Fall Of The Mall? How Mergers And Millennials Are Changing An American Icon
JUL 21, 2016 @ 11:15 AM | Bryan Pearson CONTRIBUTOR | Forbes.com
In Dearborn, Michigan, Lord & Taylor has been tailored for Ford.
The Fairlane Town Center in suburban Detroit is retrofitting the former department store space and several other vacancies to accommodate offices forFord Motor F +1.32% Co. The automaker will move 2,100 workers to the mall as itconverts 240,000 square feet of former retail space into a product-planning center.
If it sounds unconventional, that’s the point. “Most major malls are overbuilt, meaning they can’t support the square footage they have allocated to retail,” retail analyst Jeff Green told Michigan Live for a story about the project. “Which is why they’re starting to look at nonretail uses being brought on the mall site.”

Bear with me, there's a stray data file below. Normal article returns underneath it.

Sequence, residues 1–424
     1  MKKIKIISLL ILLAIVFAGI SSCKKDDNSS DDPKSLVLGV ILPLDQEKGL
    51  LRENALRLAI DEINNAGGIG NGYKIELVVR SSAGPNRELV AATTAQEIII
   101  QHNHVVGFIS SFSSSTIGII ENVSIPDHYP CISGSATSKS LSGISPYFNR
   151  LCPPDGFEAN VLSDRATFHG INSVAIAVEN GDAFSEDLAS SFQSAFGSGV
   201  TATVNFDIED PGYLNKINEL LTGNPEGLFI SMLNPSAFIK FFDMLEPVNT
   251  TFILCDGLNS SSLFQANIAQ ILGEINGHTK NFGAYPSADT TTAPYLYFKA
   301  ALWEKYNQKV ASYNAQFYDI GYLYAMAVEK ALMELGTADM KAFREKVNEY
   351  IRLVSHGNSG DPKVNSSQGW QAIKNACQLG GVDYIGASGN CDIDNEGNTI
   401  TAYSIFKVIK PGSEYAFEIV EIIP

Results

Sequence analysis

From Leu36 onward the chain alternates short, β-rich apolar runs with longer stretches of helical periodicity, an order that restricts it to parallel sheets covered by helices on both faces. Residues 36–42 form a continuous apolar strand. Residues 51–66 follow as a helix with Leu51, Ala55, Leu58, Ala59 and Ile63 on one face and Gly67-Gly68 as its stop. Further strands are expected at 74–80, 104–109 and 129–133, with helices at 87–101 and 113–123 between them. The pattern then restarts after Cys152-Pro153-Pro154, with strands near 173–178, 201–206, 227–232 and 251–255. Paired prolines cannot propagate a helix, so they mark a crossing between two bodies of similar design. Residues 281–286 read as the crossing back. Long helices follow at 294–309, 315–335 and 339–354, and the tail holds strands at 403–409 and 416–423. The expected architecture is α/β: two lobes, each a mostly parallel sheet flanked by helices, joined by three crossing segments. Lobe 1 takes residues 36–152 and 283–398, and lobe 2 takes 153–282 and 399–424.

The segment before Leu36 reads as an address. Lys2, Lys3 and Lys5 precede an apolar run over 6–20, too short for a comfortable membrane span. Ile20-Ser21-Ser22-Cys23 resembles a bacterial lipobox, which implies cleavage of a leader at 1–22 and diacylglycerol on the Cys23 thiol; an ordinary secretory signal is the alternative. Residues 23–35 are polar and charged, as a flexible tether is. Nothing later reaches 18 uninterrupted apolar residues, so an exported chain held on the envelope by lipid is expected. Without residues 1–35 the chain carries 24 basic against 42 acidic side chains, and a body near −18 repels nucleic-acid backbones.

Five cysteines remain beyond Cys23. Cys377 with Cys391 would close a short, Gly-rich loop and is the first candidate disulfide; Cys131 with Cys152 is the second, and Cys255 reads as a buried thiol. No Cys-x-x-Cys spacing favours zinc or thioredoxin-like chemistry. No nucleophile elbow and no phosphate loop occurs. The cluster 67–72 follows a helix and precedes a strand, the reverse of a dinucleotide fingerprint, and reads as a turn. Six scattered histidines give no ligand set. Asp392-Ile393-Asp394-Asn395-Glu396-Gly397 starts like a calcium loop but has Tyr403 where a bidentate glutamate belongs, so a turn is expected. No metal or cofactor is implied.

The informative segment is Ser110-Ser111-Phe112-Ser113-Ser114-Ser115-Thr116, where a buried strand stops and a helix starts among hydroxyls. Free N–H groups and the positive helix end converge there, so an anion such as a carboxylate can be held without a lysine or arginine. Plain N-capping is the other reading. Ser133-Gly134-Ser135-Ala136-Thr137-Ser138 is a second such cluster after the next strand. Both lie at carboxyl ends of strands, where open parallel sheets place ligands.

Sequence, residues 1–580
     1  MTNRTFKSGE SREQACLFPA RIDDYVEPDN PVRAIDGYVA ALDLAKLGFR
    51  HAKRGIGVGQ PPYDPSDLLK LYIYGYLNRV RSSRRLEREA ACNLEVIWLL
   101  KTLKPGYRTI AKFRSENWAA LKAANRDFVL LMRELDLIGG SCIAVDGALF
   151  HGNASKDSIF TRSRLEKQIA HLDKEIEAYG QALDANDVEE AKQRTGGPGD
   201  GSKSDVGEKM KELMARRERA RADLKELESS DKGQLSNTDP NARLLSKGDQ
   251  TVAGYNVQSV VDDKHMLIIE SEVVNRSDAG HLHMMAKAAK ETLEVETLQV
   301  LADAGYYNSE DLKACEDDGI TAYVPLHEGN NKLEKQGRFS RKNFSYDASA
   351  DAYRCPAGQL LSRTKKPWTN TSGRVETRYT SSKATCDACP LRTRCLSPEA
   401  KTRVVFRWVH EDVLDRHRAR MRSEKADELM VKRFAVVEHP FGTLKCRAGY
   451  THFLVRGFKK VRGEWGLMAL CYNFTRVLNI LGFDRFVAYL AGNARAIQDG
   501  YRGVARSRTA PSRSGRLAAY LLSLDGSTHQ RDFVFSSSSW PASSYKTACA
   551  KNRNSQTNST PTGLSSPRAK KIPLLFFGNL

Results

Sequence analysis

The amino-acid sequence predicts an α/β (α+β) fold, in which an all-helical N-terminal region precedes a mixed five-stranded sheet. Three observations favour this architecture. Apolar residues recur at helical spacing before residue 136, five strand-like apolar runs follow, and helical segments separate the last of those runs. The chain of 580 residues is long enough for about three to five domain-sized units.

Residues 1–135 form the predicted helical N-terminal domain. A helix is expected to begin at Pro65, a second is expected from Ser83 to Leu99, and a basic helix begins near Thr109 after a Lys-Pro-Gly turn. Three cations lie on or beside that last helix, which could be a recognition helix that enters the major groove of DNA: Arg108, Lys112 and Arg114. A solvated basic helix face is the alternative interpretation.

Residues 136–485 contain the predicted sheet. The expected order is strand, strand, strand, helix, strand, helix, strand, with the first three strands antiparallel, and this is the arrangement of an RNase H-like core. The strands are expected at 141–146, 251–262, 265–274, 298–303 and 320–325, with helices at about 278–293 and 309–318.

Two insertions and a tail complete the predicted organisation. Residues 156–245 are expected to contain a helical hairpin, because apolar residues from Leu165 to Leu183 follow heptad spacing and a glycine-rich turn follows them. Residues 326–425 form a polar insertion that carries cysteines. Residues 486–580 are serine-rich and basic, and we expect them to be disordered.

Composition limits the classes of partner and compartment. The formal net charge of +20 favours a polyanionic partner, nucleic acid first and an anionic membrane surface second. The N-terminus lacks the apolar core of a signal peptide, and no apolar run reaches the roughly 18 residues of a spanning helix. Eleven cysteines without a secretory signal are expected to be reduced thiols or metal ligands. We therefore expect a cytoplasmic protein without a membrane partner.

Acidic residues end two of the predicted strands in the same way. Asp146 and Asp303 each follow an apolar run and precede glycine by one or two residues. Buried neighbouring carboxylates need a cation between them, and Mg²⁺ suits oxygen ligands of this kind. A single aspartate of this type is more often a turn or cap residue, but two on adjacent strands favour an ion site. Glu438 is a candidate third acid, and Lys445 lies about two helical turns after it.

True enough, Fairlane is one of many malls across the country signing on non-traditional, high-traffic tenants as mall vacancies rise. Retail mergers and consolidations have resulted in fewer traditional department store anchor options. And younger consumers, accustomed to round-the-clock digital stimulation, are more likely to find the standard mall, with its cavernous walkways and recurring terrain of familiar shop windows, boring.
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